Posts Tagged ‘photography’

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Alessandro Portelli, “Harlan County/Kolkata” (November 2016)

by Alessandro Portelli [ht: db] at Jadavpur University in Kolkata

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Matt Black, “Rainstorm” (York, Pennsylvania, 2015)
[York has a population of 43,718 and 37.1 percent live below the poverty level.]

This and other striking images of poverty in the United States by Matt Black are currently on show in a group exhibition, New Blood, at the Magnum Print Room in London.

Last summer Matt Black left the Central Valley of California, where he lives, to travel 18,000 miles across the US on a road trip that took him through 30 states and 70 of the poorest towns in America. The startling image of a hand resting on a fence post against a barren backdrop was taken in the small town of Allensworth, California, where 54% of the population of 471 people live below the poverty level.

“California always seemed special and unique in terms of how it symbolised promise and progress,” says Black, 45, during a break in shooting landscapes in Idaho, where he’s working on another stage of the same series, Geography of Poverty. “So it seemed somehow symbolic to begin there and travel east, but what has surprised me is the similarities I have encountered as I travelled from one community to another. All these diverse communities are connected, not least in their powerlessness. In the mainstream media, poverty is often looked at in isolation, but it is an American problem. It seems to me that it goes unreported because it does not fit the way America sees itself.”

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Arthur Rothstein, “Resettlement Officials” (Maryland, 1935)

Bill McDowell is an American photographer and curator. For his series Ground, he chose images from the 175,000 commissioned by the U.S. Farm Security Administration in the 1930s and 40s—and was especially drawn to those Roy Stryker damaged with a hole punch to prevent their being used again.

McDowell compares the punched hole to “a portal [that] connects us to post-Depression America” in the wake of the 2007-08 global financial crash.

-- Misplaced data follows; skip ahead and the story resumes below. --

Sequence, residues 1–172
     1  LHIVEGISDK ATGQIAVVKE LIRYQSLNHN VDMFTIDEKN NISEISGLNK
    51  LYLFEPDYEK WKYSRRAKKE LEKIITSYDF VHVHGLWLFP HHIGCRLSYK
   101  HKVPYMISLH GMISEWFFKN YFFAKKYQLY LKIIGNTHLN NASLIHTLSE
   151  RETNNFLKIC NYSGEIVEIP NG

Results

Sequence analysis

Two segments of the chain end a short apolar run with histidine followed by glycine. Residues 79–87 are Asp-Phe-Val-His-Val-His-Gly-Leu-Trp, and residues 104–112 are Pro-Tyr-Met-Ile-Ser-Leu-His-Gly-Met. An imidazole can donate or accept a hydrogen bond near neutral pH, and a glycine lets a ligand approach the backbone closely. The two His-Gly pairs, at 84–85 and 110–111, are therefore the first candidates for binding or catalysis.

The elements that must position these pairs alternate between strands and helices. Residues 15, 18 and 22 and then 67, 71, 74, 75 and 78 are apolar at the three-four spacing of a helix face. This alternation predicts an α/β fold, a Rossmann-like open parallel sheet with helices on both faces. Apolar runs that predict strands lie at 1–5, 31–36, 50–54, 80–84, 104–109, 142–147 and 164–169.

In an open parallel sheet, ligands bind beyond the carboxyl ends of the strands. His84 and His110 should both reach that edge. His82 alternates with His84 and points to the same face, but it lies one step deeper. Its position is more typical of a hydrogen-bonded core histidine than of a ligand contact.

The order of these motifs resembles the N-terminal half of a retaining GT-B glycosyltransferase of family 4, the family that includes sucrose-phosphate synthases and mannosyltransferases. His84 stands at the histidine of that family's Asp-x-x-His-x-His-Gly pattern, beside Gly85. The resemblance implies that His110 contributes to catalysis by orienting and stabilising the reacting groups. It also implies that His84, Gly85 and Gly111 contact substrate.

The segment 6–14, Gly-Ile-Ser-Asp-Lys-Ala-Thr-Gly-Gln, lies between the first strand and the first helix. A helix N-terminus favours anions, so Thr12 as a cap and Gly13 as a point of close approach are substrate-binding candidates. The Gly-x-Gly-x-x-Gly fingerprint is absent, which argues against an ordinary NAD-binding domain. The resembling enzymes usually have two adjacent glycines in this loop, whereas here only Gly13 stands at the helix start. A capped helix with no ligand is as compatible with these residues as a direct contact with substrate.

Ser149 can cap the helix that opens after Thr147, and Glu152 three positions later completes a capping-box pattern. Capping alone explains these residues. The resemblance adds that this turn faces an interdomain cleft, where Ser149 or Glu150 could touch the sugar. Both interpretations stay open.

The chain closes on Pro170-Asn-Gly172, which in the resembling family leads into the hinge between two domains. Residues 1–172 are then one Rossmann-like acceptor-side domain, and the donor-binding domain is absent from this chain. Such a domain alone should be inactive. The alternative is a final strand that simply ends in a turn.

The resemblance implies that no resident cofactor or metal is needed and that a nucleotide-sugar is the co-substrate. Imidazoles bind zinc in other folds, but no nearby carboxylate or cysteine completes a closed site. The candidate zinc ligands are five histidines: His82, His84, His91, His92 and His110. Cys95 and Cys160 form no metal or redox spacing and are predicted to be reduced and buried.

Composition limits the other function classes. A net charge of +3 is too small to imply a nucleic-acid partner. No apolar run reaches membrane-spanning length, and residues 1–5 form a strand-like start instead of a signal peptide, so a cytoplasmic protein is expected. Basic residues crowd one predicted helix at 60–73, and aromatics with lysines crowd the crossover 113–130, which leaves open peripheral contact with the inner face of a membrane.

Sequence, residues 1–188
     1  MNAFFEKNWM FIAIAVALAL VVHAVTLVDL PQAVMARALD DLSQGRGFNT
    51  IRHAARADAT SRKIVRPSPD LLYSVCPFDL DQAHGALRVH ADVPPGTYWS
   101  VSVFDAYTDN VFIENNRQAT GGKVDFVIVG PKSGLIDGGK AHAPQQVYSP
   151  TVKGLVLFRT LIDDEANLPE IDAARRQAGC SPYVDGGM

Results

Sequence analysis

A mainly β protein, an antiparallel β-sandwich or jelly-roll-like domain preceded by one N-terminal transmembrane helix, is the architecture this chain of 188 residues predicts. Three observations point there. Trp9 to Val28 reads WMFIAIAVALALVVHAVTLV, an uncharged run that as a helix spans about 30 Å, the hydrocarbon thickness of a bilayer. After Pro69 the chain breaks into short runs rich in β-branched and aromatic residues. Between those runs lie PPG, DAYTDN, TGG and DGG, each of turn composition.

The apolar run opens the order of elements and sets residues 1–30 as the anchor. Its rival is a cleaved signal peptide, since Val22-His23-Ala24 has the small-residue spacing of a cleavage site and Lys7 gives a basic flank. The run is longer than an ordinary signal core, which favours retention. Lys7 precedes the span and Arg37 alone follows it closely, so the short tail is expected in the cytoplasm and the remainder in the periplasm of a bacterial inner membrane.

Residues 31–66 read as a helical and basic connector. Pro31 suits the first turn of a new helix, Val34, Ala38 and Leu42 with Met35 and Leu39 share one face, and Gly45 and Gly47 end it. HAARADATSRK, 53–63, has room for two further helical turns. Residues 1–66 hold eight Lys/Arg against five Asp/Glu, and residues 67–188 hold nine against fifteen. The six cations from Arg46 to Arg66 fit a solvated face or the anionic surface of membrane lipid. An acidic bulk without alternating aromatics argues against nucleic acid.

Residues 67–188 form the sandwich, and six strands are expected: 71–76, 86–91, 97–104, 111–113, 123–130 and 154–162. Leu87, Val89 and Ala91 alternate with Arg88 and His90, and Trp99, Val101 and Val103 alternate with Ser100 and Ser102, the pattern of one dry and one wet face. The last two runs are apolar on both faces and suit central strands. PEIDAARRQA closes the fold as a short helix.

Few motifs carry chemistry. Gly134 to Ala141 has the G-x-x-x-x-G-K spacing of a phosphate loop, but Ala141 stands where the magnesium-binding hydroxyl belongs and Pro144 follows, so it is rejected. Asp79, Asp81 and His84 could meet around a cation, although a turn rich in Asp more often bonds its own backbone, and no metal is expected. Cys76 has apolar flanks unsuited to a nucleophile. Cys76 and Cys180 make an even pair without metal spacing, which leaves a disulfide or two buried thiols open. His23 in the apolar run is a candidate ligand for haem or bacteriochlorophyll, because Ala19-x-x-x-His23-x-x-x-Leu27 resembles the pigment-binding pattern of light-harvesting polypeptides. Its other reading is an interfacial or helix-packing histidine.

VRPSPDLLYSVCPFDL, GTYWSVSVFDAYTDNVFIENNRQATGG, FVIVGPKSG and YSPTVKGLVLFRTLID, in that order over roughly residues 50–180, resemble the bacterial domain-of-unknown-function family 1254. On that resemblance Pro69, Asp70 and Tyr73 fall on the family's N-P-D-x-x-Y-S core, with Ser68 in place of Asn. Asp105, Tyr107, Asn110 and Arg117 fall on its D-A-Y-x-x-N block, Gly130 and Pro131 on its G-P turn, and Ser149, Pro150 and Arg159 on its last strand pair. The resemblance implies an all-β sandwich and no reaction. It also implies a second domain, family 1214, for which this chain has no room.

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Here’s another photo from “1% Privilege in a Time of Global Inequality,” this one by Michael Light:

This gated community in Henderson, Nevada, shows “the environmental effects of our consumption and of our privileged lifestyles,” Little says. You can create an oasis in the desert “if you add a tremendous amount of money and chemicals and water.”

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Here’s another photo from “1% Privilege in a Time of Global Inequality,” this one by Paolo Woods and Gabriele Galimberti:

A man floats in a swimming pool atop Singapore’s Marina Bay Sands Hotel, the city’s financial district looming behind him. Little says that Singapore is a “tax haven”—a place “where it’s legal for major corporations to hide their money from the tax man.”

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How do you photography to represent the grotesque levels of inequality in the world today?

According to Becky Little [ht: sm],

When people think of inequality, they often think first of the lives of the world’s poorest people. . .

1% Privilege in a Time of Global Inequality features 50 images from different photographers that show vast class disparities around the world. By mostly showcasing the wealthy, the book responds to previous photo collections that have documented the poor and struggling in an almost idolizing way.

“When we glamorize or hero-ize the bottom one percent, the struggling migrants, in a sense we accept their plight and say that we, in a sense, permit this to continue happening, this economic injustice,” says Myles Little, the book’s editor.

“Instead of turning people like that into icons or heroes,” he continues, “you might say instead that they are victims of a crime—and it’s not them that we should be interrogating, but maybe the people who put them there.”

As for the photo above, by Mitch Epstein,

A store advertises its going-out-of-business sale. “This is another image that, to me, speaks about the pressures of the middle class,” Little says. “The sadness of being of a hardworking family who is playing by the rules but who still can’t make it.”

 

Photo of the day

Posted: 25 September 2015 in Uncategorized
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Ten photographers have united for Action/2015 to offer their perspectives on equality.*

According to one of the photographers, Susan Meiselas,

I travelled to Wisconsin to look at the state of industry in a city with a rich manufacturing heritage. I found a stark contradiction. On one hand, the wealth and power that the buildings themselves represented and, on the other, the workers who kept the business moving: mostly replaceable labour on minimum wage.

*Photos above: the headquarters of Visual Impressions, a wholesale T-shirt embroidery and impressions business, where Teresa, an embroiderer, has been working for six years.